Things you don't need the computer for:

If you want to look up a recipe - get a little notebook and find a cook-book or two. Yes, a real cook-book. Unplug the laptop and use your desk-space to write down some of the recipes that will satisfy your family's needs. I strongly suggest that you avoid recipes that take too much time and different processes, or that require many, or expensive ingredients. You are after simple meals, easy to prepare, healthy, tasty and quick. If you have children, you will be able to pass your own recipe book on to them. It is not quite as special to pass on to  them a bookmarked internet page with a list of recipes on it : )

To learn to sew, garden, clean, de-clutter... You can get more fun and satisfaction learning the old-fashioned way. Ask someone who knows, an older woman, relative or, again, read a book. Take it slowly and enjoy the process. There is no rush to learn. Little by little can be fun, and very satisfying. I have a friend who sews beautifully and bakes lovely things. She is an older lady so did not grow up with computers. Her pace is slow and relaxed. She learned to learn that way and when I visit her, she makes me feel relaxed too. The computer is so fast. It creates in you an anxiety to cram in information fast, and learn fast, and achieve fast. Ladies, we are not built that way! God gave us a "pace" It is a "smell the roses" pace. There is joy to be found simply in slowing down and doing so. You can take all year to knit a scarf! It is okay to bake the same simple recipe every single time, it is wonderful to just have grown a single tomato plant in your garden! The internet can lie. It can say you are a failure, but you are not. Slow down, smell the roses, delight in your half dozen home grown tomatoes, lovingly wrap that simple scarf you took your time with, and make someone feel special.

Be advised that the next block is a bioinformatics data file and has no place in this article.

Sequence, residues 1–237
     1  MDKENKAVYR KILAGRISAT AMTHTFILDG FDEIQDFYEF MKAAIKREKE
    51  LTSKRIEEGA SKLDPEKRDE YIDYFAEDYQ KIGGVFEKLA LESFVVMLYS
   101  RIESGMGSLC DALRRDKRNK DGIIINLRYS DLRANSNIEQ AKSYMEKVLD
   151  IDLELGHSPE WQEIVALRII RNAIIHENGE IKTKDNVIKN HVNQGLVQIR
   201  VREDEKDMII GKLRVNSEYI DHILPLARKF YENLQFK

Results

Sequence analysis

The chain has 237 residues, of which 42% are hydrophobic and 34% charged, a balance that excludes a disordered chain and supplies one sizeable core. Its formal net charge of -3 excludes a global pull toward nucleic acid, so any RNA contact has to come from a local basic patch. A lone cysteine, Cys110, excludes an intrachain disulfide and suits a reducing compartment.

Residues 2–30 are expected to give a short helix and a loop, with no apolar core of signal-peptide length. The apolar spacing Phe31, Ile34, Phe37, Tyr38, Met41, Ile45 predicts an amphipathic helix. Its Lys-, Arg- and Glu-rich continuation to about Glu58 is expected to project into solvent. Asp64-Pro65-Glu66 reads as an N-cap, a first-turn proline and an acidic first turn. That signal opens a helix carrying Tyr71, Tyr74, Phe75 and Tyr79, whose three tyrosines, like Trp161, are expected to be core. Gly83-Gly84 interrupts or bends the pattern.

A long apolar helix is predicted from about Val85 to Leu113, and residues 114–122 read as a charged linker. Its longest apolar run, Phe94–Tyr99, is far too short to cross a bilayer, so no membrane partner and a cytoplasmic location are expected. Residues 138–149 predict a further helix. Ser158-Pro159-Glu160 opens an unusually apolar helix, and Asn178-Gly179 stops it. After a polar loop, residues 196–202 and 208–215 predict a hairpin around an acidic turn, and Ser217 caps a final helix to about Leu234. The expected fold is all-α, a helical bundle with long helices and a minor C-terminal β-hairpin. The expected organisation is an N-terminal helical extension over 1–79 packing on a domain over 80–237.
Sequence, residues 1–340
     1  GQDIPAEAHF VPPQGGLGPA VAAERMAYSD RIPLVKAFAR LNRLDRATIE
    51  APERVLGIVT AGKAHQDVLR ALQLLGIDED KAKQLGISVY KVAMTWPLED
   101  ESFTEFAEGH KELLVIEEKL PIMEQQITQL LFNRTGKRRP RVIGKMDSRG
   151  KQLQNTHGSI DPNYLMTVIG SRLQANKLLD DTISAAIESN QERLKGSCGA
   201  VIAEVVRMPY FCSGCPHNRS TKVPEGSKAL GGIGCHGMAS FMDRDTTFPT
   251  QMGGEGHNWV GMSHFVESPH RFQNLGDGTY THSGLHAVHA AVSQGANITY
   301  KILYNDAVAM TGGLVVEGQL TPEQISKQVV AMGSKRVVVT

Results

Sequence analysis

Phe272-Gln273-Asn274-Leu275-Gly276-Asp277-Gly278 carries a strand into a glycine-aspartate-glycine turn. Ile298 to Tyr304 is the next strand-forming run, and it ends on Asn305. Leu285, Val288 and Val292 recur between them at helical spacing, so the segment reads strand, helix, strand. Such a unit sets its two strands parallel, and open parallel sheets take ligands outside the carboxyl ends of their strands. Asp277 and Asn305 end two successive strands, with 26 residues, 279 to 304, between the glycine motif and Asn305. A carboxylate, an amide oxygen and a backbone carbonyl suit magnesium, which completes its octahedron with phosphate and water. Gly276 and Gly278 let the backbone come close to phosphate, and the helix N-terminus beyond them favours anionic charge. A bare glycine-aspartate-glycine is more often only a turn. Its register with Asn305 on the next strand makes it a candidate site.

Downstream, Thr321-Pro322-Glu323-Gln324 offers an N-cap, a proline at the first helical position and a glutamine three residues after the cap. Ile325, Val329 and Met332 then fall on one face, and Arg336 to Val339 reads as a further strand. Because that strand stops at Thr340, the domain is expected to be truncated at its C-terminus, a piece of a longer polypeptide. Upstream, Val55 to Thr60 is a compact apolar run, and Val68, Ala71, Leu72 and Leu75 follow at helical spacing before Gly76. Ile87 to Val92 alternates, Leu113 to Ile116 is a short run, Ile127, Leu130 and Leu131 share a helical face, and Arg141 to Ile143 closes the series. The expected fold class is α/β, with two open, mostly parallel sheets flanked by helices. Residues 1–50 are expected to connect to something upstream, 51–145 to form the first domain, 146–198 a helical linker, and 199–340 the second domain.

Sometimes we are fearful of failure and the computer is a procrastination tool. You may also find that you are judging everything you do by the standards of the exceptional. For instance, instead of enjoying the satisfaction of baking your homey, loaf of bread, you see images of successful bakers with perfectly formed loaves of every flavour, made with exotic ingredients, and photographed against improbably scenic backgrounds. That is not your goal. Your family don't really want those loaves. They want bread baked with loving hands. Its imperfection is its beauty and they want to eat it not look at it! Providing a loaf of lovingly-made, fresh, fragrant, home-made bread will give you joy. If you will switch off the virtual world, and take the first step of home-making it can be joyful and peaceful. Your family will love the imperfect things you do and will be grateful that you care about them. That is what home-making used to be about - and that is where the joy is to be found today

I realise that this is a longer post than I intended so have split it into two. I hope to post part 2 soon. I do hope you will take the time to leave a comment. I would love to hear from you - and also by email, and hope some of you are still here after my long absence.




Hollyhock from an American friend, in my English garden


















Strangers and Pilgrims on Earth




Cornerstone Confessions


a-wise-woman-builds-her-home

A Little R & R

Thursday, 9 January 2014

Winter Projects.. and Goodbye for Now


Dear Home-makers
Thank you for all your visits, and your wonderful comments and other input into this blog. After prayer and reflection this month, I have decided not to continue with Heart for Home-making for the foreseeable future, and also to spend significantly less time online. In case anyone is interested in past posts and content, I am not deleting it, for a while at least.

Many blessing to you all

Lesley


At the Dacha in Summer’ - Sergei Vinogradov by BoFransson on Flickr







I finished my planned 'Winter quilt to go over the sofa' just in time for Christmas and it added some needed colour to the room. I'm very pleased with it. Maybe I can make a Spring quilt in time for the new season.







It was difficult to get any pictures in such poor light



I also managed to knit up a warm and pretty shawl this week. It is from a very very simple pattern - so good for a beginner or if you want to knit something without thinking too much.

















I have just finished a small shawl It is made from a 'cake' or 'disc' of Icelandic wool called 'Lopi' 








One 'cake' will make a small shawl/scarf.




For the next few months I won't have much time to visit your lovely blogs and will be posting sporadically. I hope you do not feel neglected, but I would love to hear about your winter/spring projects.